Give him credit: Though Florida Gov. Rick Scott wants to eliminate about 10 percent of the state workforce over two years, and make those who remain pay more toward their retirement and health care, the new governor is at least taking the time in his first few months in office to meet with state employees and answer their questions.
Scott has visited close to 10 state agencies and departments, explaining his style of governing, praising government employees as hard-working, and defending his tough choices to reduce the government payroll.
The events have been interesting to watch because state employees have become more and more willing to ask Scott tough questions about his plans for state workers.
One of the more remarkable exchanges came on Feb. 23, 2011, during a short meet-and-greet with employees at the Department of Business and Professional Regulation, which assists Florida businesses and workers. During his opening remarks, Scott praised the department for its work before opening up the floor to questions.
That's when a worker dissected Scott's plan to make workers contribute 5 percent of their salary to their retirement, framing it as punitive.
"Do you fully realize the gross unfairness of that proposal?" the worker asked Scott.
Scott said a change was needed and that, "You never know exactly what's fair."
Then he compared the defined pension system to the federal Social Security program to illustrate the need for reform.
"Everybody here wants a plan they can rely on. Right now, your plan is underfunded, whether anyone wants to acknowledge it or not," Scott said. "Pension plans all across this country, including Florida, are underfunded. So whoever the youngest is, everyone else should thank them because there might not be a pension plan, just like we're worried about Social Security."
We were struck by Scott's comparison of the state pension plan and the federal Social Security program and thought it merited analysis.
Scott has proposed massive reforms to the state's retirement plan. Among them, he wants to close the state defined pension program to employees hired after July 1, 2011, and force them into a 401(k)-style plan where participants make their own investments. He also wants employees to contribute 5 percent of their gross salary to help fund their retirement benefits, and proposes reducing the benefit calculation for members of the state's special risk group (police and fire), elected officers and senior management classes of employees.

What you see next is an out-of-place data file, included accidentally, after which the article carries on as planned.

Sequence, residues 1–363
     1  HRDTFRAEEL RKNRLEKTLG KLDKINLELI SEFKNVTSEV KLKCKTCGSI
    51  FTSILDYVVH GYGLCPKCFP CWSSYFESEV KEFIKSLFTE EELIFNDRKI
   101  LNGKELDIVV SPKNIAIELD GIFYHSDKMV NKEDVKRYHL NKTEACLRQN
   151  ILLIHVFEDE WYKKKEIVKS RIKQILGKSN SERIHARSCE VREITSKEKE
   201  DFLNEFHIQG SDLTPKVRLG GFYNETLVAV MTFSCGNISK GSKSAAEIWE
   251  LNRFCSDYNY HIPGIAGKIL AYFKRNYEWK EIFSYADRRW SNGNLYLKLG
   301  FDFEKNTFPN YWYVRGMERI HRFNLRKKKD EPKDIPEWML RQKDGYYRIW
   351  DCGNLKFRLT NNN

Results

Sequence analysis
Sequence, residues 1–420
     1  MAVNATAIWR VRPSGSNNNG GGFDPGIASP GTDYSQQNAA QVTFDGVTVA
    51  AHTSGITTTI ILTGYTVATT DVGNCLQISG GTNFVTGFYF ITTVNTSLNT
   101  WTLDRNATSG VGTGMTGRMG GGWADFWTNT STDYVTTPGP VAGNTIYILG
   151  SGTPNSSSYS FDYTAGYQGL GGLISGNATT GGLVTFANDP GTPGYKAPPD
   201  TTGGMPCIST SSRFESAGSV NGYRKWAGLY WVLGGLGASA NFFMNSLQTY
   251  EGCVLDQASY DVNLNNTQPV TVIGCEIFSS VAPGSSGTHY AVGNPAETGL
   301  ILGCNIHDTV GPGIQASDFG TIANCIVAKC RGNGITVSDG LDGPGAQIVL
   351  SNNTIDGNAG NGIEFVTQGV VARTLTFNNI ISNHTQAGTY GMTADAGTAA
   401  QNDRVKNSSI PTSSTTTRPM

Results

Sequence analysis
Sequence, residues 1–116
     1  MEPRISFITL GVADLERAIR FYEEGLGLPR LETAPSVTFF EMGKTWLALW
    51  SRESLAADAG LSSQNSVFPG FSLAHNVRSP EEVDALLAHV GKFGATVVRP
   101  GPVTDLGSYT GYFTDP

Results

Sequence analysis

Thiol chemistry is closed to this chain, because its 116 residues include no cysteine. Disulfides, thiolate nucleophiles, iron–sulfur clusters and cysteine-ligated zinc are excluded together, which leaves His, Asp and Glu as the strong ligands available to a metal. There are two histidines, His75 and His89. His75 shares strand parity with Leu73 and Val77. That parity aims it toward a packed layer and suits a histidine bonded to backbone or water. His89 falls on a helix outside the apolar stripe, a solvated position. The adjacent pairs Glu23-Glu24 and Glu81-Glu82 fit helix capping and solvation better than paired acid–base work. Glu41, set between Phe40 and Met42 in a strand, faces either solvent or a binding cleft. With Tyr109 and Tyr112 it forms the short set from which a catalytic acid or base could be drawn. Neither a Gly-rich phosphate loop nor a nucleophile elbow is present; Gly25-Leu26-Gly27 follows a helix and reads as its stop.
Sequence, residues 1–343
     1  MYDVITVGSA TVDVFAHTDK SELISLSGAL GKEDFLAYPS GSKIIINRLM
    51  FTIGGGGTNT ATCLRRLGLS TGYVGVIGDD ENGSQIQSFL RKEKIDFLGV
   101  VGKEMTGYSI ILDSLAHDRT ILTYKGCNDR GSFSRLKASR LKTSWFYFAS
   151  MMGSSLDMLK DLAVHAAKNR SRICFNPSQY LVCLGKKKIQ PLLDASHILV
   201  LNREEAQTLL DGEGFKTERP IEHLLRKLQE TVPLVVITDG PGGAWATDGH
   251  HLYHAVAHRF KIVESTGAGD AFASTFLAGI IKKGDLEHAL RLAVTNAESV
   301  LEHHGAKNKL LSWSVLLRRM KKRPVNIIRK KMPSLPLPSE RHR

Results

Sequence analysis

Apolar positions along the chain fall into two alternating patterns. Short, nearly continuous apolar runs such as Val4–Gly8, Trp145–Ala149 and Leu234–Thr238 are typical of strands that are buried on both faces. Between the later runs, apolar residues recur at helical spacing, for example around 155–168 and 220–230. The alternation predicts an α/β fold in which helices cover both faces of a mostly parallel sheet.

Currently, the state retirement system has more than 655,000 active working members. Nearly half of the participants work in K-12 schools, and another 28 percent work in city and county government. Only about 18 percent of the system is made up of state workers. Of current members, 85 percent participate in a defined pension program, and 15 percent participate in a 401(k)-style plan. (Scott's proposals would affect all members of the retirement system in both plans).
The pension system generally has been well-funded through required state and local employer contributions, according to state Department of Management Services annual actuarial studies. The study measures the value of the pension's assets against liabilities it is required to pay as people retire and new workers are hired. The work is hugely complex but tries to answer a basic question: Is there enough money coming in currently to pay the benefits going out?
The answer in Florida, until 2009, was yes, according to actuarial studies. But when the investment markets collapsed as part of the recession, Florida's pension assets went with them. The state pension system reported nearly a $17.5 billion unfunded liability in 2009 ($118.9 billion in assets versus $136.4 billion in liabilities) and nearly an $18.8 billion unfunded liability in 2010 ($120.9 billion in assets versus $139.7 billion in liabilities).
As a percentage, that means the pension fund can currently cover about 87 percent of its obligations.